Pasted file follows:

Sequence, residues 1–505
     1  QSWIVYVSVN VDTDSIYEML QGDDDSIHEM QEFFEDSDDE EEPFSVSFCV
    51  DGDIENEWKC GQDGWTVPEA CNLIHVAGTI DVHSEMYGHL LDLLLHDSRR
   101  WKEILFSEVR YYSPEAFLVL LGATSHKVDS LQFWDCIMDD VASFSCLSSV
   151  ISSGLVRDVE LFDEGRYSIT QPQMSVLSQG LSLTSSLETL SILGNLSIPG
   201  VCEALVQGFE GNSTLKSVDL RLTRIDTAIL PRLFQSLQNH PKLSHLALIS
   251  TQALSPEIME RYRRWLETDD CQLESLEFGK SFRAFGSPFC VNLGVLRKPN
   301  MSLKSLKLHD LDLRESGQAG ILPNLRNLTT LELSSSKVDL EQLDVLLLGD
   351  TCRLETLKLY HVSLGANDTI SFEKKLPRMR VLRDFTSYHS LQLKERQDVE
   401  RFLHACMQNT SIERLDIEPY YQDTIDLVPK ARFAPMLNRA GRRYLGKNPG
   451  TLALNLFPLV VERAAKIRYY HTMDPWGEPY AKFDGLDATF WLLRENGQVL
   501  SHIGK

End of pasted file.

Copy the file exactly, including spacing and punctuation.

Sequence, residues 1–505
     1  QSWIVYVSVN VDTDSIYEML QGDDDSIHEM QEFFEDSDDE EEPFSVSFCV
    51  DGDIENEWKC GQDGWTVPEA CNLIHVAGTI DVHSEMYGHL LDLLLHDSRR
   101  WKEILFSEVR YYSPEAFLVL LGATSHKVDS LQFWDCIMDD VASFSCLSSV
   151  ISSGLVRDVE LFDEGRYSIT QPQMSVLSQG LSLTSSLETL SILGNLSIPG
   201  VCEALVQGFE GNSTLKSVDL RLTRIDTAIL PRLFQSLQNH PKLSHLALIS
   251  TQALSPEIME RYRRWLETDD CQLESLEFGK SFRAFGSPFC VNLGVLRKPN
   301  MSLKSLKLHD LDLRESGQAG ILPNLRNLTT LELSSSKVDL EQLDVLLLGD
   351  TCRLETLKLY HVSLGANDTI SFEKKLPRMR VLRDFTSYHS LQLKERQDVE
   401  RFLHACMQNT SIERLDIEPY YQDTIDLVPK ARFAPMLNRA GRRYLGKNPG
   451  TLALNLFPLV VERAAKIRYY HTMDPWGEPY AKFDGLDATF WLLRENGQVL
   501  SHIGK